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Master_of_My_Domain

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21 reviews in total 
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Year One (2009)
0 out of 5 people found the following review useful:
Never thought it is possible, but it is dumber than "White Chicks"., 12 September 2009
1/10

I never thought I will say it after seeing "White Chicks", but it has finally happen: someone produced flick that is actually dumber than "White Chicks"! What an achievement! I'm not kidding or being sarcastic, I am serious, it is astonishing achievement, because it is not easy to write such horrible dumb script and still find people stupid enough to pay for making it. And then you need to find even bigger idiots who are willing to distribute it too!

It is unbelievable, but Harold Ramis, Lee Eisenberg, and Gene Stupnitsky did it. They somehow convinced Apatow Productions and Ocean Pictures to invest in it, produce it, shoot it, and distribute it! Hats off to these 3 geniuses. I'm sure future marketing/management class students will be taught on their example how to turn sh1t into cash. Well done, guys!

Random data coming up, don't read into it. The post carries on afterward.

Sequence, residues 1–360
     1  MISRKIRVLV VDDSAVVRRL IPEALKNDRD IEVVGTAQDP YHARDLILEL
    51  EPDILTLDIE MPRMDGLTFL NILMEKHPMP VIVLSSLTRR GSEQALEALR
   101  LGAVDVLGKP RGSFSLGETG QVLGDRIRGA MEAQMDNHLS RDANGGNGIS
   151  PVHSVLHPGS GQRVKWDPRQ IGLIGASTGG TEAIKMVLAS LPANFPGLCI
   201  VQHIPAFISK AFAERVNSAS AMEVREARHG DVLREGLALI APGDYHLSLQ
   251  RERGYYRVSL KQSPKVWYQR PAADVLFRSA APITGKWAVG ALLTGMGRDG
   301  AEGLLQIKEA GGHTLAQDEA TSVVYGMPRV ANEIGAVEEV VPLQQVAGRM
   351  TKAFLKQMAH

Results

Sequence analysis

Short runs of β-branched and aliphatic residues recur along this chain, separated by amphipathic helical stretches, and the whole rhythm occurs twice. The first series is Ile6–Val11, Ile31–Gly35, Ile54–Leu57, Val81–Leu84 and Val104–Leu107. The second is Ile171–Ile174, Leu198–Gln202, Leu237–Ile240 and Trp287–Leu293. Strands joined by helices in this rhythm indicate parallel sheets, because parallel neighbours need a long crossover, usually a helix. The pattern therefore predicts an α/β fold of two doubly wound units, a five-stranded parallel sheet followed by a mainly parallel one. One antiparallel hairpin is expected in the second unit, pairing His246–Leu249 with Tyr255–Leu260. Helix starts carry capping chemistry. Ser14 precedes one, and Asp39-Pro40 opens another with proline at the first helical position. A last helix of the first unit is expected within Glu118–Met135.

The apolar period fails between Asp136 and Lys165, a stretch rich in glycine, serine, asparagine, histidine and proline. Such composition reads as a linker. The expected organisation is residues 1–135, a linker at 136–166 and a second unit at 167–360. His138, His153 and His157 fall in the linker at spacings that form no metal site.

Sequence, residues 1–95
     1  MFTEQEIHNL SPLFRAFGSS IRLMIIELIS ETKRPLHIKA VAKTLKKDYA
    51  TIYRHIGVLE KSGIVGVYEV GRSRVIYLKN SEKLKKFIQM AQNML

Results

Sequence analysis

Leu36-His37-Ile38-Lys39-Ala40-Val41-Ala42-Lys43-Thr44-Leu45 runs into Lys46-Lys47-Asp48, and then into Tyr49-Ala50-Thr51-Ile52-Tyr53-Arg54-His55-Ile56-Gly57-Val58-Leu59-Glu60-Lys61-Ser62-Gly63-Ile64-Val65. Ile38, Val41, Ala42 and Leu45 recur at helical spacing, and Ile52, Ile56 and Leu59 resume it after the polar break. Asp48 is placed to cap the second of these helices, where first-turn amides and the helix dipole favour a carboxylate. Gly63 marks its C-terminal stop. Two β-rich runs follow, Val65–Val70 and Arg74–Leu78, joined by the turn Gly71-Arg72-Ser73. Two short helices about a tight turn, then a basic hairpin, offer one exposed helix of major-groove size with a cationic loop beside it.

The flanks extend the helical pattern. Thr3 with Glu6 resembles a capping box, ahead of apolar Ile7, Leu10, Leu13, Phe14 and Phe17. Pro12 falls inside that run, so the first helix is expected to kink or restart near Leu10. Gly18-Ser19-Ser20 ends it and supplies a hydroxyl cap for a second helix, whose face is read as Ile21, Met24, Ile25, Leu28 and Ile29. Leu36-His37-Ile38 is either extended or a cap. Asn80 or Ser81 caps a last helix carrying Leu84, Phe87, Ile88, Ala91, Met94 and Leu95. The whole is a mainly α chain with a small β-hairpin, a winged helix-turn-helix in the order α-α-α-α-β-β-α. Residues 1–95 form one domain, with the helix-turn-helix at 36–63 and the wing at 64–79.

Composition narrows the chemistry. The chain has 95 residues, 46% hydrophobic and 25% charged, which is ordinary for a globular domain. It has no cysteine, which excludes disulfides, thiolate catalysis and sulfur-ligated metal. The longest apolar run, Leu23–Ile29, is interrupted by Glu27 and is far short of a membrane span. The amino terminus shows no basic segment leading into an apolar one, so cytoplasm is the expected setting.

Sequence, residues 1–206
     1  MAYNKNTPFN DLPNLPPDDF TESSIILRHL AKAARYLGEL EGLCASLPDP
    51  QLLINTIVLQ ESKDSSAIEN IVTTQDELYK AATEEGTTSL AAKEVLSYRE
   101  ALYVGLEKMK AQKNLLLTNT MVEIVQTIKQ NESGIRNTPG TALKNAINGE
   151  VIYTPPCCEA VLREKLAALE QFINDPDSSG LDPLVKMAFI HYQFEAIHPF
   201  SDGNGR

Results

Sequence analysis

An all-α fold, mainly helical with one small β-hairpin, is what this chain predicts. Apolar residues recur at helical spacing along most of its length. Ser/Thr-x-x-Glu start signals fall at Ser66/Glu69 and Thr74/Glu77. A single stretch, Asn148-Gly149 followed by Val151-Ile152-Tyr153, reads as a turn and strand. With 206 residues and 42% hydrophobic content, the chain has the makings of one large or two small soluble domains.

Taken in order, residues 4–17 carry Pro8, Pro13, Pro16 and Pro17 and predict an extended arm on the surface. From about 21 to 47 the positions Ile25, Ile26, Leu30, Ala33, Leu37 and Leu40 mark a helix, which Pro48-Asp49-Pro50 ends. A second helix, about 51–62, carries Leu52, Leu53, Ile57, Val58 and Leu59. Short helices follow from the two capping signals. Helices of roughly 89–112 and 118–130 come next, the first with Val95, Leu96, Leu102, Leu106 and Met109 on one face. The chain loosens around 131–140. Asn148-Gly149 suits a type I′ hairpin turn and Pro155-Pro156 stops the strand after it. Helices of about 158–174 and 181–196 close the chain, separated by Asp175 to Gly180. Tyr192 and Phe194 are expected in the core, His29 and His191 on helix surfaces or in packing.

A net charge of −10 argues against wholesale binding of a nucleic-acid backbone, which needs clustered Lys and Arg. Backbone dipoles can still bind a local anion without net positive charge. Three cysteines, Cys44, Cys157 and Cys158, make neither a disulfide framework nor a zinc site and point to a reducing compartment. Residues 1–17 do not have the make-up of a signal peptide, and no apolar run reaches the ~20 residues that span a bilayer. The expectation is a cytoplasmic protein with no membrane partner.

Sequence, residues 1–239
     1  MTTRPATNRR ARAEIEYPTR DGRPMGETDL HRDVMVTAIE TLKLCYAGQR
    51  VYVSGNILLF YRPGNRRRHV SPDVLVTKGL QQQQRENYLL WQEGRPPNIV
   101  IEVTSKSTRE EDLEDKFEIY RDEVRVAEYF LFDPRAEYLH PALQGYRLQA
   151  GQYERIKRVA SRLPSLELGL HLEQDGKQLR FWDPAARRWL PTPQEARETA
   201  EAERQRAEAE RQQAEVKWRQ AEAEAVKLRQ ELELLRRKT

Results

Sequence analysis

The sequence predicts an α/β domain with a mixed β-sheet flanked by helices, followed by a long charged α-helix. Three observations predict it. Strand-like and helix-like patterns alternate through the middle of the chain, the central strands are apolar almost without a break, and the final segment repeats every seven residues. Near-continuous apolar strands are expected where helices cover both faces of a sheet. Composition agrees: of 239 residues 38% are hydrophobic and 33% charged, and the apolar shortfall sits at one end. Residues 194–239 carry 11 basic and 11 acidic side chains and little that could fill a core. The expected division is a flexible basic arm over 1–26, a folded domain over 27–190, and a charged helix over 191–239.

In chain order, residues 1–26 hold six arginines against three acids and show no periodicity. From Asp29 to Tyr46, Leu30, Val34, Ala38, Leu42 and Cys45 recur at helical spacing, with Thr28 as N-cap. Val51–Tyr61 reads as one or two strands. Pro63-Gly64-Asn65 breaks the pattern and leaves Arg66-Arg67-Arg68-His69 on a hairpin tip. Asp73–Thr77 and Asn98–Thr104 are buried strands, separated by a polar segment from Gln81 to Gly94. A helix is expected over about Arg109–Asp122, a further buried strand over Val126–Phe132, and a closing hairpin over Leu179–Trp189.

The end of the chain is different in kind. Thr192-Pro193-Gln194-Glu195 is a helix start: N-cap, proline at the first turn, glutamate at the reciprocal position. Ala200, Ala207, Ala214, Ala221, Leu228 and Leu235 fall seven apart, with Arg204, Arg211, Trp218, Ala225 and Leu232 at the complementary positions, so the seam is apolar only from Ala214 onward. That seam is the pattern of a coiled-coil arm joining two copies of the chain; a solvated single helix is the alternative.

Assembly (2007)
11 out of 22 people found the following review useful:
"Saving Private Ryan" it is not, but it is as well worth viewing!, 6 February 2008

"Saving Private Ryan" it is NOT, but certainly it is as equally worth viewing for any fans of military/warfare film. And for any "westerners" unaccustomed with China's history, it may give some insight to tiny part of her modern part some 50+ years ago events that led to fall of Chang Kai Shek and rise of communism under Mao Zhe Dong's.

The story line is compelling, similarly to "SPR" we have some well drawn all-human characters and their war story laced with brutal, bloody and yet so mesmerizing scenes, an insight to mankind at its worst.